I haven’t looked at the LZW code, but I do think it might be possible to get rid of at least one of these buffers in GIFParseFunctions.cpp:

// Buffer image data is decoded into
byte imageData[WIDTH * HEIGHT];

// Backup image data buffer for saving portions of image disposal method == 3
byte imageDataBU[WIDTH * HEIGHT];

I think I should be able to just write directly to the background buffer. I think for DISPOSAL_NONE I can just clear the display before writing the next frame. For DISPOSAL_LEAVE I won’t clear the display, just write the next frame. DISPOSAL_BACKGROUND just fills the screen with a background color before writing the next frame. I don’t think DISPOSAL_RESTORE will work properly without a buffer.

Thanks! I used four 32x32 matrices. It should work with two 64x32 matrices though. I don’t have it in a frame yet, the video is just the bare display with no diffusion. I may try the Ikea RIBBA, although Louis says it’s deeper than the MCS shadow box, so it’ll take some work to get the right depth/diffusion. Right now I just have them mounted on a piece of 1/8" hardboard from Home Depot. I’ll try to post some pictures soon.

I’ve been meaning to try dynamic allocation for the patterns. I don’t have any experience with it in C/C++. Arduino/Teensyduino has been my first real foray into it. I have a lot of experience with C# and Java.

I’ve already combined the easy stuff, where each pattern had its own buffers, such as heat maps, boid arrays, etc.

If you have time, it’d really help for me to see even a simple example of dynamically allocating patterns. I would greatly appreciate the help.

I would avoid using malloc with free, as that can result in problems and hard to troubleshoot bugs. I suggest allocating a large buffer that is used by only one pattern at a time. That may take some annoying pointer wrangling to divide up the large buffer among the objects each pattern needs when it starts, but should result in a more stable program.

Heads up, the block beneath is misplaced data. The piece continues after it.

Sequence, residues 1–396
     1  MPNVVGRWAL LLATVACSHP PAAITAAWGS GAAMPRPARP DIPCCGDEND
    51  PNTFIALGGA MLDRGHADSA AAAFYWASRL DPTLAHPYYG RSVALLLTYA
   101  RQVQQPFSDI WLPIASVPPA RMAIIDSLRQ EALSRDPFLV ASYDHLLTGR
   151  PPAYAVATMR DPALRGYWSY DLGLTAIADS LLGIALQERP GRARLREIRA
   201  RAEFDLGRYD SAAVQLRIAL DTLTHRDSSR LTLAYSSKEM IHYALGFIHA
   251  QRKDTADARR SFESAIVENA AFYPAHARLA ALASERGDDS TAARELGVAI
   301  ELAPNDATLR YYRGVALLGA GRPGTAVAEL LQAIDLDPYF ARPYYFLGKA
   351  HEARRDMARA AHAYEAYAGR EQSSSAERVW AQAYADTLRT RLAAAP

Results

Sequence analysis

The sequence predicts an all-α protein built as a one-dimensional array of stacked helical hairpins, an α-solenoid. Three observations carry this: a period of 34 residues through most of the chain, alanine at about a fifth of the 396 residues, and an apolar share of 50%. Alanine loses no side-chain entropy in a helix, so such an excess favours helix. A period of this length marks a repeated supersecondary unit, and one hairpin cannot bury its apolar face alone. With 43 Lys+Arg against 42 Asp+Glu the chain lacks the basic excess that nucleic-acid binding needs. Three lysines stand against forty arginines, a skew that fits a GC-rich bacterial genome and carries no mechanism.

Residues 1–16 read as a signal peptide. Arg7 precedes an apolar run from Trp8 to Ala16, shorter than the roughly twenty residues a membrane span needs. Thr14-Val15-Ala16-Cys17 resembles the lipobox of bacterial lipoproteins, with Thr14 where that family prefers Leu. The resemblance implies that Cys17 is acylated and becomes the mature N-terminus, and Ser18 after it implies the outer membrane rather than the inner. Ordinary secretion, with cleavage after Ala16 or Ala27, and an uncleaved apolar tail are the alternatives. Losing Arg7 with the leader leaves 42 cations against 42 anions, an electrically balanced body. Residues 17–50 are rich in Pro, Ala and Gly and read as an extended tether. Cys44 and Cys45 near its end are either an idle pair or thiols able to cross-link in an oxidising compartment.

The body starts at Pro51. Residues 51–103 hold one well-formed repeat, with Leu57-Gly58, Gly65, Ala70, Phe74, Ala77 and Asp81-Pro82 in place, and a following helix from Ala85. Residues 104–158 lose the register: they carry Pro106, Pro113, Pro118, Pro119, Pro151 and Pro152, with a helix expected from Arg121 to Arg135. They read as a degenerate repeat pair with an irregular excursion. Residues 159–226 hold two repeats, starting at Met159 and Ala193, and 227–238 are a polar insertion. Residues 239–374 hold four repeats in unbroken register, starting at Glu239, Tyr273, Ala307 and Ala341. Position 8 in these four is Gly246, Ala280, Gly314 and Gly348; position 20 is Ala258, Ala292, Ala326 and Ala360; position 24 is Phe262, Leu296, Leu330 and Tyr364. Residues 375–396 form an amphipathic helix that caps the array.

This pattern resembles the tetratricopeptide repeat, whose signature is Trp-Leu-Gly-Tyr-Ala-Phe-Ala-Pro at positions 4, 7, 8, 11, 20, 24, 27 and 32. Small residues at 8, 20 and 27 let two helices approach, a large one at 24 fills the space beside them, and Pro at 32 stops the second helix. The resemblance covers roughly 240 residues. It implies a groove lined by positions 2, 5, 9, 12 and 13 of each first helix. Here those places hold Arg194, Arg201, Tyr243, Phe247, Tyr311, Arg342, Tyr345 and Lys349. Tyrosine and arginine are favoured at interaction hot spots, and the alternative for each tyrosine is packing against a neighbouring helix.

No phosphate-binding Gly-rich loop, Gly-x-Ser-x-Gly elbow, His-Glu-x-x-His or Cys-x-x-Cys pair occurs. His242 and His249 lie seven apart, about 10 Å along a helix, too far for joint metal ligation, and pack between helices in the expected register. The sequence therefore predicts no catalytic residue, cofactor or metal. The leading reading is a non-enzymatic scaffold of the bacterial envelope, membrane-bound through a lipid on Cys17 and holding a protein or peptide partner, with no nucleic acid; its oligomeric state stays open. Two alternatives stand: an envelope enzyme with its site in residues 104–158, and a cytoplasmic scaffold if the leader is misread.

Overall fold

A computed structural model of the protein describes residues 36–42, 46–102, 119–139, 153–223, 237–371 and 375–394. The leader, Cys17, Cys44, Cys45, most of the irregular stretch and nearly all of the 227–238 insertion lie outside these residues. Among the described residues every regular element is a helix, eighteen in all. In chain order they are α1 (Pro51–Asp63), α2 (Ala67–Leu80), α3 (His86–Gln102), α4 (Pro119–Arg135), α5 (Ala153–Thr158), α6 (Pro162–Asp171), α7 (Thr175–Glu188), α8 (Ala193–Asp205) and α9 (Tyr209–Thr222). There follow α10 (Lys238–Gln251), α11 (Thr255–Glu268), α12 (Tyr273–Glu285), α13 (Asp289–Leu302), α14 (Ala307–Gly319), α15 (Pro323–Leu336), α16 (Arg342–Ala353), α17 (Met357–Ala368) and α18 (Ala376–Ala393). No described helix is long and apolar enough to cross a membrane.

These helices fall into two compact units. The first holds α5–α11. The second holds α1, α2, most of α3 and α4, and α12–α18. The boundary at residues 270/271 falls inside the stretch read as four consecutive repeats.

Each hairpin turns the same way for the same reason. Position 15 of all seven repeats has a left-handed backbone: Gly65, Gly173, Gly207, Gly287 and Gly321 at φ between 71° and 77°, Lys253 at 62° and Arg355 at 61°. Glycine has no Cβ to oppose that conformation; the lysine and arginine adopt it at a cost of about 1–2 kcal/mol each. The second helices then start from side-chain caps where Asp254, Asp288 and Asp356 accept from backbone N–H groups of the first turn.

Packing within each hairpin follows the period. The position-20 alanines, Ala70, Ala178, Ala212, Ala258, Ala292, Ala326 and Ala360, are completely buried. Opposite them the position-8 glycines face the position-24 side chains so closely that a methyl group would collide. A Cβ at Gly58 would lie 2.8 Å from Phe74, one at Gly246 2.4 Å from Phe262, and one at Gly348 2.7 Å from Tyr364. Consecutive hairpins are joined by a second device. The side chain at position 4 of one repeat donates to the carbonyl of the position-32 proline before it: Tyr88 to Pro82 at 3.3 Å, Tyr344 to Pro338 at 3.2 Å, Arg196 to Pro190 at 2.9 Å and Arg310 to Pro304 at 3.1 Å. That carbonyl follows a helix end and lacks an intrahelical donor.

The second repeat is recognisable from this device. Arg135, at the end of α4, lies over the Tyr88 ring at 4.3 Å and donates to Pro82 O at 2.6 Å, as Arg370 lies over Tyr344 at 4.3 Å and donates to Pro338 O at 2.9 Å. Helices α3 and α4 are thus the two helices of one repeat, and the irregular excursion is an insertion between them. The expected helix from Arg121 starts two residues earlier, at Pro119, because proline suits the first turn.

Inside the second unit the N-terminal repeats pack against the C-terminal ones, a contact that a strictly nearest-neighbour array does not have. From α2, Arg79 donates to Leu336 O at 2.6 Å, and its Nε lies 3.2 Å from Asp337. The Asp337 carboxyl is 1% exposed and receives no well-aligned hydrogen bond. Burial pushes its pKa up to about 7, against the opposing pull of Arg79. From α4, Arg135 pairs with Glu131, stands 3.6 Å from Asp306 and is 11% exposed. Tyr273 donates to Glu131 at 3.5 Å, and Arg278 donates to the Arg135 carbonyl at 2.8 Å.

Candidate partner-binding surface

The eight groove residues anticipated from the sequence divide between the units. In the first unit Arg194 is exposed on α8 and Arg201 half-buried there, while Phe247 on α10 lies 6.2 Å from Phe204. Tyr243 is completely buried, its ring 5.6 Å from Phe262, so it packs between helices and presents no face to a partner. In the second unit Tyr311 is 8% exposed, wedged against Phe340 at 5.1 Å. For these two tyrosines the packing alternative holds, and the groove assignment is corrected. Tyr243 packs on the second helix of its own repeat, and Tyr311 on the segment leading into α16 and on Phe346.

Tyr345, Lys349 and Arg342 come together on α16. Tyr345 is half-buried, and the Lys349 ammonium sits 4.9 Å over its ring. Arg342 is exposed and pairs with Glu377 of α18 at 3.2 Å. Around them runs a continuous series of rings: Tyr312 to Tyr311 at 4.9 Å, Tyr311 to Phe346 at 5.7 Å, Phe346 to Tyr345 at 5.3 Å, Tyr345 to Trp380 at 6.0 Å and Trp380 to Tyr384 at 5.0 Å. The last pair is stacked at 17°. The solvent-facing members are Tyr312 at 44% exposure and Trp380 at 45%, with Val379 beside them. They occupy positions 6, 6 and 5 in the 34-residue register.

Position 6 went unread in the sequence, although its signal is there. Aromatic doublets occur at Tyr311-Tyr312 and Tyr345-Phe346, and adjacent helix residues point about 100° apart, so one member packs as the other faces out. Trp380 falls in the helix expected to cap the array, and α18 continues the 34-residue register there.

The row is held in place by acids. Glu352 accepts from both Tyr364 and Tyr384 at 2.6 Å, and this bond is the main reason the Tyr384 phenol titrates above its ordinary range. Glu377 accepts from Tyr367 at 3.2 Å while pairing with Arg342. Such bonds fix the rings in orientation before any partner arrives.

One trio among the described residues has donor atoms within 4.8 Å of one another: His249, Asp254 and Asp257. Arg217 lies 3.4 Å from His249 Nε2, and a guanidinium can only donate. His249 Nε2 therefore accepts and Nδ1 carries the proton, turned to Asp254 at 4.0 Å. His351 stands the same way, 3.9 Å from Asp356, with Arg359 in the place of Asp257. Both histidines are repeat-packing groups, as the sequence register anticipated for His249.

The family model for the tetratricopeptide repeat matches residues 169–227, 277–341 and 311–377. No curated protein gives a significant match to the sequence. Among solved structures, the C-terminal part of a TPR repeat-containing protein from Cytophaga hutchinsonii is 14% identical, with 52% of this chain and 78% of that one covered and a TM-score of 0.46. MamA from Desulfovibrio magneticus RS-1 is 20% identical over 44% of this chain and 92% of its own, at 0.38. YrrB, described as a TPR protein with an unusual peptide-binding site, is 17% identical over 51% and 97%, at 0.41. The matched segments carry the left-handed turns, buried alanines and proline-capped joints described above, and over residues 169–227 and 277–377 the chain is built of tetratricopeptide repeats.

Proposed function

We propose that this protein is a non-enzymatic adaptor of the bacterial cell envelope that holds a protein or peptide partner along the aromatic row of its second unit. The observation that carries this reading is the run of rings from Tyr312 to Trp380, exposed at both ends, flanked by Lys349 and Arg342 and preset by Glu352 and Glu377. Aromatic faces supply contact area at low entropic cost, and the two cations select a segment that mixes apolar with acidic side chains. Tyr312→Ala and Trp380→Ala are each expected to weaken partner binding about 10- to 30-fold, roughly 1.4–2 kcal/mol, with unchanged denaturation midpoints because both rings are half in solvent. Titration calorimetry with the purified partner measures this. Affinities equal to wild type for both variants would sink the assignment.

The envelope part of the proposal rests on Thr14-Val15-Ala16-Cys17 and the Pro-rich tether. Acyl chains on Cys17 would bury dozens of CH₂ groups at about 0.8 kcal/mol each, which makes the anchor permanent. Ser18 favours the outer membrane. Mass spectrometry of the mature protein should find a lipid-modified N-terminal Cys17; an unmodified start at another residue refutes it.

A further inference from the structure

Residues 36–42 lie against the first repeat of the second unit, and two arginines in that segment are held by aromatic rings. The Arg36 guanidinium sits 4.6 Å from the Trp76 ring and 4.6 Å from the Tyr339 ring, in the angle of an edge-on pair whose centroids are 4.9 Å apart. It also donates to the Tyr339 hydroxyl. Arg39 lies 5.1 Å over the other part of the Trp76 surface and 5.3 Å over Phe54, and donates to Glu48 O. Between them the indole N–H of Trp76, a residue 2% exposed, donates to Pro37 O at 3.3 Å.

I’ll try to work up an example using the Life pattern when I get a chance. I would definitely suggest reading up on pointers and arrays in C. They are really just different syntaxes for the same thing, and once you grasp that, a lot of the low-level memory management stuff will start to make a lot more sense. That will be important to understand regardless of whether you are using malloc/free or using pointers to reference different parts of a shared buffer.

Chapter 5 of K&R is probably the best explanation you’ll ever read, directly from the guys who invented C. Chapter 6 is also well worth a read, especially section 6.8 on unions and 6.9 on bit fields. Unions allow you to treat the same piece of memory as several different types, and that could actually be one way to make it easier to deal with a shared buffer. Bit fields can be really helpful for reducing memory consumption when you only need to store a few bits of data. That is the trick I used to save space in the Life pattern’s Cell class.

I feel a bit guilty for linking to a pirated copy of that book. IMO it’s one of the best computer science texts of all time and belongs on every serious C programmer’s shelf. If you end up finding it useful, please ease my conscience and buy a copy :).

Hello how exactly do i install this on my teensy? i Have a 64x64 led display and would like to use it.

Do you already have the Teensy connected to the display? Are you already using a SmartMatrix shield? Have you already gotten the ‘regular’ Aurora working? If yes to all of these, then you can try the Aurora 64x64 branch.